When I was asked to get a back-cover endorsement for Mamalita from someone prominent in the adoption field, I didn’t think twice before approaching Leceta Chisholm Guibault. Leceta is a person admired and respected by me and many others in the Guatemalan adoption community and beyond: the adoptive mother to two teens born in Central America, a former board member of the Adoption Council of Canada, an Adoption Activist award- winner, and a staff member of the TIES program (Adoptive Families Homeland Journeys). During the years I’ve been involved in adoption myself, I have read and benefited from Leceta’s magazine articles and postings in which she shares her experiences and insights.
Leceta is currently a Canadian regional partner for Orphan Resources International, an American nonprofit organization that supports some 55 orphanages in Guatemala. During the past two years, she has led more than 150 Canadian volunteers on six separate service trips. In an article titled “A View from the Trenches: Inside Guatemalan Orphanages,” in the December issue of Adoption Today, Leceta shares her impressions of what she has seen and felt. Or as she says in the article’s introduction, “what keeps me awake at night and why I continue to provide aid to children in Guatemala.” As usual, she tells her story with compassion, honesty, and bravery.
Adoption Today is published online only. The $12 subscription fee is money well-spent for anyone interested in the current state of international and transracial adoption. Leceta writes:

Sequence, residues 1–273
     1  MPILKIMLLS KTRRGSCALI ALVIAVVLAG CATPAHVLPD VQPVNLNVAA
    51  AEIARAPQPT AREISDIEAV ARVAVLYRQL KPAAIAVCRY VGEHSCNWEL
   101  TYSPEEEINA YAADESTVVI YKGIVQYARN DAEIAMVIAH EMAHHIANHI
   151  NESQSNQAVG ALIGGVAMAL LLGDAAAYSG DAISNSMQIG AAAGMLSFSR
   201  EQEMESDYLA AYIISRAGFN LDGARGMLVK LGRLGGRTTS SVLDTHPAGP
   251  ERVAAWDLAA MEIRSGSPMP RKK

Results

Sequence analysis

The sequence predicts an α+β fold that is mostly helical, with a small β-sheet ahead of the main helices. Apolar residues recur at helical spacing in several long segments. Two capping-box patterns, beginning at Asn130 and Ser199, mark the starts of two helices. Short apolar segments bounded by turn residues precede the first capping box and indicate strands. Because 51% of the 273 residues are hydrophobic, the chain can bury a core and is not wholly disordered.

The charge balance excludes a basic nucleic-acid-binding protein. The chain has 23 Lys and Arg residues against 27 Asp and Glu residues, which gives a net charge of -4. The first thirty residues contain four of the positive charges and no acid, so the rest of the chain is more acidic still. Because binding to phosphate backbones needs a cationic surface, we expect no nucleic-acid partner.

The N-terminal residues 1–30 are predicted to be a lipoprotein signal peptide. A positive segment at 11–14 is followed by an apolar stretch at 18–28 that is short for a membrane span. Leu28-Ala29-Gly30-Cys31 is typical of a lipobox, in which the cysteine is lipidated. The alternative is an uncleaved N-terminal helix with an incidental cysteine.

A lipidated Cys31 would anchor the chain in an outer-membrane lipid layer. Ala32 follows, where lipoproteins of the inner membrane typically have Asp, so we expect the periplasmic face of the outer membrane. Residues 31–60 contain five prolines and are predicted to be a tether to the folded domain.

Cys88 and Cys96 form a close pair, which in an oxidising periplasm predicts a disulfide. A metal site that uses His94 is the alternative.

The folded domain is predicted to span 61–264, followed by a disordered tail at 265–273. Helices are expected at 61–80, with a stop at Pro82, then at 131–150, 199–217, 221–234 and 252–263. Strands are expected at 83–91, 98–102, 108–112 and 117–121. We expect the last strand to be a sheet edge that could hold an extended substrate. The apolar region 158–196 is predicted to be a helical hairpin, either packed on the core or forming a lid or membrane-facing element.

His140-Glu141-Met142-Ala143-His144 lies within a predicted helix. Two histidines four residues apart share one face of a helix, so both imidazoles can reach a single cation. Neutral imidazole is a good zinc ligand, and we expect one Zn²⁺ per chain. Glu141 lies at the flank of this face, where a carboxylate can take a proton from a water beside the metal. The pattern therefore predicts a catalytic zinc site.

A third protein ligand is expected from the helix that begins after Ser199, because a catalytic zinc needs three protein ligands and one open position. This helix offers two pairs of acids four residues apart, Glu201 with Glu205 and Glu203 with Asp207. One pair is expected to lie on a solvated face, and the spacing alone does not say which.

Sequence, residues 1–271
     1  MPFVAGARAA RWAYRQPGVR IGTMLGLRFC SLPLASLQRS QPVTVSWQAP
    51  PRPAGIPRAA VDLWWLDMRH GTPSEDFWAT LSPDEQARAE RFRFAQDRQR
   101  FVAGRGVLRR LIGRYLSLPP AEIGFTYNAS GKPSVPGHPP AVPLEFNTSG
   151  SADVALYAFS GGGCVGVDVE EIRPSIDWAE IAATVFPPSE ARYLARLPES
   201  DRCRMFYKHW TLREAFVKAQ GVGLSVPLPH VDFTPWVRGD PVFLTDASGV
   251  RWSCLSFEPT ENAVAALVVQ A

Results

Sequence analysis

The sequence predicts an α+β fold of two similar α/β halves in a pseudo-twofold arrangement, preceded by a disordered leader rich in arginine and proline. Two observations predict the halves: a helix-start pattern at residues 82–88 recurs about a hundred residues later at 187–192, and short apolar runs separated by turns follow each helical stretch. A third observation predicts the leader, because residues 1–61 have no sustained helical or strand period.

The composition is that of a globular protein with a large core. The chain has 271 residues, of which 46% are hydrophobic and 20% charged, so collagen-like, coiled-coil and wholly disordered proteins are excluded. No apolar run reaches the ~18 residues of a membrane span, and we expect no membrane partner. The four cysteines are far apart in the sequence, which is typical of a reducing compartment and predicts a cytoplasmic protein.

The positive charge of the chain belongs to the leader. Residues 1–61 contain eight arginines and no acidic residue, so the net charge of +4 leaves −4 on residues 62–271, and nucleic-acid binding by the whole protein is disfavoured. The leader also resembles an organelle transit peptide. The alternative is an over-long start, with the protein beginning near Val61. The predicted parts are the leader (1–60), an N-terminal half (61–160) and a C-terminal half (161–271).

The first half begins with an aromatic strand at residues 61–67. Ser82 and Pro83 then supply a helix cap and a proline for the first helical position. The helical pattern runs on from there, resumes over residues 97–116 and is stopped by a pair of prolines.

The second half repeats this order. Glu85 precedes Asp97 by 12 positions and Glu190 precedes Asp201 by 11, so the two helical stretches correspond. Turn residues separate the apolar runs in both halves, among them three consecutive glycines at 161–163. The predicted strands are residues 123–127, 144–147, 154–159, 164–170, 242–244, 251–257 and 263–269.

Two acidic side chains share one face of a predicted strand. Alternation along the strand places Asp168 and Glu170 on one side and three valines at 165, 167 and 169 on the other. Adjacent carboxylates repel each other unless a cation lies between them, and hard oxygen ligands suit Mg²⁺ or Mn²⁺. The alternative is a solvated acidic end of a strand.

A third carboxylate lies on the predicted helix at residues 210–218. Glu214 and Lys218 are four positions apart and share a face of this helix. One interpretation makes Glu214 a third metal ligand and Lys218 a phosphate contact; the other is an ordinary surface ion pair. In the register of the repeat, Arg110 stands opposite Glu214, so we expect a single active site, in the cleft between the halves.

Most homes share the same issues– overcrowding. Many are filled with abandoned infants, as well as children in care due to severe abuse and neglect. Infants were arriving if not daily, weekly. At Fundaninos orphanage, the infants we met in 2009 are now toddlers. Another home we volunteer for is a baby home with 50-60 children, the majority being infants and young toddlers. Every time I visit, bassinets are full with newborn to 5-month-olds…
In May, I walked into one of the three overcrowded nurseries and fell to my knees… I sobbed. There were babies everywhere being fed by propped bottles. Don’t get me wrong — it was a beautiful, clean and loving home. The home receives a lot of clothing donations… The problem is, it’s overcrowded. There are not enough caregivers — during one visit there were 37 infants with two nannies. It was an assembly line of diaper changes and bottle propping… The children were craving attention and happy just to be held. I brought 23 volunteers and even holding two children each there were little ones waiting for their turn. These children need parents… (more…)